Sunday, February 5, 2017

Migrating Old Website - Part 3

In this third part of the migration of my old website, I add even more functionality, as well as clean up some of the code.

One of the largest issues I had with the code overall was that it was pretty noisy. I decided that I would split out the Golang standard logging with the go-logging library. This is a pretty straight forward logger, at work we use a custom logger that integrates into our systems and provided line numbers and package/file names, but I didn’t feel that the extent of that system was neccessary in this, and go-logging is pretty powerful out of the box. The absolute key being, I could change the log verbosity overall of the output, since while doing the import, every action was pushed to the stdout.

You could say, why not just remove the logging from the code? I always prefer to log as much as possible about everything that is going on, and have the ability to tweak the verbosity it actually outputs, versus remove logging because it is “noisy”, when troubleshooting something, you would be drastically surprised how that “noisy” stuff, will help you find that really tricky bug in production.

logger := logging.MustGetLogger("importer")
var loggerFormat = logging.MustStringFormatter(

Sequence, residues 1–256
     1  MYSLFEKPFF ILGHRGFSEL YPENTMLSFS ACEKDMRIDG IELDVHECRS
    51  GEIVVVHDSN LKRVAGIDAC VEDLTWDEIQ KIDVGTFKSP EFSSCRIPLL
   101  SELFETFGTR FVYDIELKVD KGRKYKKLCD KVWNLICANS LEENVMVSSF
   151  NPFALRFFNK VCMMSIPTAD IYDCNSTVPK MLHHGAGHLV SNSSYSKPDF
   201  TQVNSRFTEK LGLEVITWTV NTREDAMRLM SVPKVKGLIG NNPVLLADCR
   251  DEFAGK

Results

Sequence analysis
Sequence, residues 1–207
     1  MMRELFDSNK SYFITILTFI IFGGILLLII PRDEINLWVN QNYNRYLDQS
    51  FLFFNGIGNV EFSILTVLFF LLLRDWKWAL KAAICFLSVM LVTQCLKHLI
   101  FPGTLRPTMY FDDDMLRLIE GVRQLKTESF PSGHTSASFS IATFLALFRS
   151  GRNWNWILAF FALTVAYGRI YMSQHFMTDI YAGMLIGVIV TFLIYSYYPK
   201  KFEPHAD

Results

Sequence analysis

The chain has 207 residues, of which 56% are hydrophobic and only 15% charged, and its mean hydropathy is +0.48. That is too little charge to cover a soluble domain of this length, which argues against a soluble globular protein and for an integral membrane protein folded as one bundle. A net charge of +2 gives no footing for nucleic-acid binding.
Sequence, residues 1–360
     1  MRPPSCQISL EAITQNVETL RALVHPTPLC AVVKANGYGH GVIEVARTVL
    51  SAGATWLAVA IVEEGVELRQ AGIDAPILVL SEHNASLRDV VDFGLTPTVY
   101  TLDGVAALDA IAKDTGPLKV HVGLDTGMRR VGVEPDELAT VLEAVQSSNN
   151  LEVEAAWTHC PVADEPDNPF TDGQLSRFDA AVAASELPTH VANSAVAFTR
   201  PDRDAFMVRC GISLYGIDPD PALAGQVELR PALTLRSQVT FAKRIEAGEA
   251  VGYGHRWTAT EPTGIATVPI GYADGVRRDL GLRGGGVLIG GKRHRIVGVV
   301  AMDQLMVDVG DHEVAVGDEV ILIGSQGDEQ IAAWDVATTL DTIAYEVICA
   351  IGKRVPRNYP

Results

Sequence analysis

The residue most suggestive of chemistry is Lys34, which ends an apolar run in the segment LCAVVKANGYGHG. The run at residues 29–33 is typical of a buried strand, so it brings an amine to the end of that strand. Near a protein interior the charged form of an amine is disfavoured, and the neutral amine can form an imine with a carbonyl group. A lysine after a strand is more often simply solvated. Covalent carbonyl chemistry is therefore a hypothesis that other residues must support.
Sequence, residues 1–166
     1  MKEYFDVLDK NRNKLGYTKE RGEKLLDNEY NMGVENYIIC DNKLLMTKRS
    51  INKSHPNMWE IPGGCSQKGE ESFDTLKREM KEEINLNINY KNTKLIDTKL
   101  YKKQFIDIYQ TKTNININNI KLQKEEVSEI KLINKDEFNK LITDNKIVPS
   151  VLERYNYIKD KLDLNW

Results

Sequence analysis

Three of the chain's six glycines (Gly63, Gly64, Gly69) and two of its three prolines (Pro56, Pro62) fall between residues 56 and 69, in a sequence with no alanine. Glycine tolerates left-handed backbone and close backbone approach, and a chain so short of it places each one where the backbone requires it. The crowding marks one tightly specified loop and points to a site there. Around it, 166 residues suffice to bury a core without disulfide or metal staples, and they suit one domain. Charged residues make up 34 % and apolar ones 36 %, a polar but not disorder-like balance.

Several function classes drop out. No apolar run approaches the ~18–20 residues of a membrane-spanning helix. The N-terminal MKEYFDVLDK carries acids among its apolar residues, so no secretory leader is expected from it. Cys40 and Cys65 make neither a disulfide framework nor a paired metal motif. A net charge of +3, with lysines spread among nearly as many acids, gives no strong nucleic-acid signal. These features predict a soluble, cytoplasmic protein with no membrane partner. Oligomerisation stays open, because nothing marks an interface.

`%{color}%{time:15:04:05.000} ▶ %{level:.4s} %{color:reset} %{message}`,

stdOutBackend := logging.NewLogBackend(os.Stdout, "", 0)

// Only errors and more severe messages should be sent to backend1
levelLogger := logging.AddModuleLevel(stdOutBackend)
levelLogger.SetLevel(logging.WARNING, "")

// Set the backends to be used.

Overall, configuring the logger is pretty simple, the above code is stting up some formatting, setting an output (io.Writer), and then setting the default level to warning, when something is bad, for this small project, I set that to Debug and re-run the application, but that is normally a good candidate for command line arguments, or some mechanism to change at run time.

I don’t like globals either, here I setup a logging instance, so that it can be passed into the the methods and/or structs that need it. I remember in the VB6 days and the “global module” and the pains that this always caused, experience teaches us that the global pattern not only causes static bounderies, but also removes isolation of settings, what if I wanted a different logger for this one method, if it is using a global, there is no way to change that, that’s actually called Inversion of Control btw.